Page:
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UPDATE: Guns On Campus Bill Passes Hurdle, Another Vote Today

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The state House has given its initial approval to Republican legislation that would expand where concealed weapon permit holders can carry or store their pistols, while extending penalties for crimes committed with a gun.

The chamber voted 76-38 Monday night in favor of the measure endorsed by gun-rights groups but opposed strongly by University of North Carolina leaders.

Concealed weapon permit-holders would be allowed to store a gun in a locked car on a public college campus and give that option to private colleges if administrators agree. The proposal also would let permit holders arm themselves in a restaurant where alcohol is served unless the establishment expressly forbids it.

Democrats were angry because Republicans used parliamentary maneuvers to block votes on amendments.

A final House vote is expected Tuesday.

Copyright 2013 by The Associated Press. All Rights Reserved.


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Some North Carolina lawmakers want to give concealed weapon permit holders more places to carry or store their pistols.

The House scheduled debate Monday on a Republican-backed measure that's endorsed by gun-rights groups but opposed strongly by university leaders.

Some provisions would allow concealed weapon permit-holders the ability to store a gun in a locked car on a University of North Carolina or community college campus. Boosters say the weapons will serve as a crime deterrent. UNC President Tom Ross says the provision would only increase safety risks.

The proposal also would let permit holders arm themselves in a restaurant where alcohol is served unless the establishment expressly prohibits concealed weapons.

The bill also includes longer penalties for gun-related crimes.

Copyright 2013 by The Associated Press. All Rights Reserved.


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ECU's chancellor has joined other educators in opposing a proposal that would allow concealed weapon permit holders to store their handguns in locked vehicles on campus.

In a statement today, Chancellor Steve Ballard says the bill, which is moving through the General Assembly, could have a direct and negative impact to campus safety.

While supporters of the bill say it will make campuses safer, Ballard feels the opposite could happen. "In fact, it has the potential to create dangerous situations for our faculty, staff, students and visitors," said the chancellor. "For example, if an incident occurs on our campus, law enforcement arriving on the scene must be able to quickly distinguish suspects from bystanders. Allowing weapons on campus could hamper their ability to make split-second decisions while assessing the situation. The consequences could be tragic."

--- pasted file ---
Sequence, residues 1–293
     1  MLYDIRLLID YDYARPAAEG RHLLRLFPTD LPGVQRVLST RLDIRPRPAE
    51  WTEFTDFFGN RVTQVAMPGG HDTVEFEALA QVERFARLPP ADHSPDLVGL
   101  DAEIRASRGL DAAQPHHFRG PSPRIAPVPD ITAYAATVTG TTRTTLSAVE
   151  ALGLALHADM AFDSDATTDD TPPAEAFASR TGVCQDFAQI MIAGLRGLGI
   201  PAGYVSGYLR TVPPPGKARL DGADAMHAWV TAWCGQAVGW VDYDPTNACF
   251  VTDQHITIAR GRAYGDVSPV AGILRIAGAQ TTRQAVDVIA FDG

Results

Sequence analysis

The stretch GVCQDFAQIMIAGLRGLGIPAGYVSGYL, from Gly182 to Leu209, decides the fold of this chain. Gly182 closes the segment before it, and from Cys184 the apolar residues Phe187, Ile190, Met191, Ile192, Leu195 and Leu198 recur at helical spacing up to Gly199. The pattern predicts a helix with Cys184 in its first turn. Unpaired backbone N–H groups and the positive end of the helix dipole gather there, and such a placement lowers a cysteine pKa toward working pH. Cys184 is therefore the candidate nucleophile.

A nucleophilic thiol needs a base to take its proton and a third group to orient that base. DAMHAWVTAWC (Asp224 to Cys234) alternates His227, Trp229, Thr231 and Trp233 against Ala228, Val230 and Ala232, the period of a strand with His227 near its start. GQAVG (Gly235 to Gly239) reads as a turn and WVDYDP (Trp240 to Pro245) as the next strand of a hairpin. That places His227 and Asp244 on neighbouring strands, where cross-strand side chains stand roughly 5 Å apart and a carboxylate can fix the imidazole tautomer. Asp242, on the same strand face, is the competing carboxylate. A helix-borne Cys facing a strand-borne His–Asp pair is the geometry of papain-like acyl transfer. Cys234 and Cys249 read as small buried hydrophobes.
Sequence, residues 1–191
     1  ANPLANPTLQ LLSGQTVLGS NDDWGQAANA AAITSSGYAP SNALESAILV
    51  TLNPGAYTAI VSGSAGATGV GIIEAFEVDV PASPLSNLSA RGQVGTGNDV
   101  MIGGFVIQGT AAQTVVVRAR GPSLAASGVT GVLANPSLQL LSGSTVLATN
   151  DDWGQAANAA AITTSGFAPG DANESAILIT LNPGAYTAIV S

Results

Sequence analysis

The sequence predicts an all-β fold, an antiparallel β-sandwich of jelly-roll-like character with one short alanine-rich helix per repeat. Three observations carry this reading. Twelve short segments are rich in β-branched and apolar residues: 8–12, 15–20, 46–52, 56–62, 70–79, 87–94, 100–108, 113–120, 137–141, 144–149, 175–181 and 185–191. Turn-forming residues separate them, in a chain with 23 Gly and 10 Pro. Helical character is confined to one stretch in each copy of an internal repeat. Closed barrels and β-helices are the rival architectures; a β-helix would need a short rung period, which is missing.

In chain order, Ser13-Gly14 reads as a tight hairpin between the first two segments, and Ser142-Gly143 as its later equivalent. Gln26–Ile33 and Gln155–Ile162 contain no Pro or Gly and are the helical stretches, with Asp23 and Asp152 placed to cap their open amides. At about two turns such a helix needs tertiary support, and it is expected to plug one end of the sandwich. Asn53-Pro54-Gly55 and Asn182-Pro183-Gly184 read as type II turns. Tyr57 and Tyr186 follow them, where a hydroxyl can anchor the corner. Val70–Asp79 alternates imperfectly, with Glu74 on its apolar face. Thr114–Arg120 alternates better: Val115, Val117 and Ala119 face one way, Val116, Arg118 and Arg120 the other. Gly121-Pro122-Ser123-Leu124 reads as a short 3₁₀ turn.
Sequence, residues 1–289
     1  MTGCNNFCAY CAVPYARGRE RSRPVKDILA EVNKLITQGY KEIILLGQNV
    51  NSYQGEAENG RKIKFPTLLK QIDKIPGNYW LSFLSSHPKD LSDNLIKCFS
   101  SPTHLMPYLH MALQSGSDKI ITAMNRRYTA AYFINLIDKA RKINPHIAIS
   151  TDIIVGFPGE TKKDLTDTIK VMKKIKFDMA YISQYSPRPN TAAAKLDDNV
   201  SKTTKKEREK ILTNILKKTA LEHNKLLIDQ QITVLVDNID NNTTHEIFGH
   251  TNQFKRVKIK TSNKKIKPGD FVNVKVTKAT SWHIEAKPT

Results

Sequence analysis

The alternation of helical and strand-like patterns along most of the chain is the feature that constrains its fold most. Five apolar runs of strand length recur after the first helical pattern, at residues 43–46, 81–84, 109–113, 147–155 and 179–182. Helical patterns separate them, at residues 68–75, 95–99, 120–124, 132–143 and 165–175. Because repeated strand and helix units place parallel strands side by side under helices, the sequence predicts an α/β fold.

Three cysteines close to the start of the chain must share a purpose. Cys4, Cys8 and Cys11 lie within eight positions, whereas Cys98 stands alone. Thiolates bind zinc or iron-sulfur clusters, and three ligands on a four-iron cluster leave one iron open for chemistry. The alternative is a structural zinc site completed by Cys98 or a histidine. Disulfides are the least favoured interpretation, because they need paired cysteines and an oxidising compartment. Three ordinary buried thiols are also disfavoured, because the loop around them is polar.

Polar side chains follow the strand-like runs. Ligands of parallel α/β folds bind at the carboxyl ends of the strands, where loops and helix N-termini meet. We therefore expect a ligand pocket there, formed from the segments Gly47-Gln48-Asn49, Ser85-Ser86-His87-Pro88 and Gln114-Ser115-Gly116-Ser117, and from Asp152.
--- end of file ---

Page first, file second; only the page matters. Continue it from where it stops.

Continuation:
Earlier this week UNC President Tom Ross called on lawmakers to remove that portion of the bill, citing concerns for campus safety.


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ECU Police and students are reacting to the call from UNC System President Tom Ross that the legislature remove part of a bill that would allow concealed weapons permit holders to store their handguns in locked vehicles on the campus.

Ross says the potential for tragedy outweighs the potential benefit.

While ECU Police say they're against allowing concealed guns on campus, some students say they see the pros and cons.

Some students, like ECU Junior Tevin Woodard, see the proposal by lawmakers as a way to prevent crime. Woodard says, "If someone starts walking their way, then they know they can feel safe by going in their car, and if this dude or female tries to fight them or tries to rob them, then they have something that can protect them."

But others, like ECU Junior Kevin Walker, say it would be useless in many situations. For example, if there were a shooter on campus. "If you're on your way to your car and you cross the guy, it's already too late. Or, as far as having the gun and getting back on campus, the police might think you're the suspect."

ECU Police Lieutenant Chris Sutton agrees. He says if the bill becomes law, officers will have to adapt. Sutton says, "When I'm approached, I would have to take the mindset that there's going to be a gun in that car, period."

Another concern with bringing a concealed weapon on campus is knowing where to store it in your car. Woodard says for the people trying to steal them, they know exactly where to look.
Woodard says, "Everybody's going to either hide it under their seat, or put it in the glove compartment because it's kind of easy to get to."

The bill says the gun would have to be locked in your vehicle. But Sutton says, "While it may be in a locked part of your car, you've got a car with a gun in it that's unattended. And that's not safe."

Walker believes, "The best thing to do would be to leave it in the hands of law enforcement, and probably not let students do it. It's not wise."

Lieutenant Sutton and UNC President Ross say car break-ins could certainly lead to guns falling into the wrong hands.

Sutton says even permit holders with the best of intentions could end up putting themselves in a dangerous situation.


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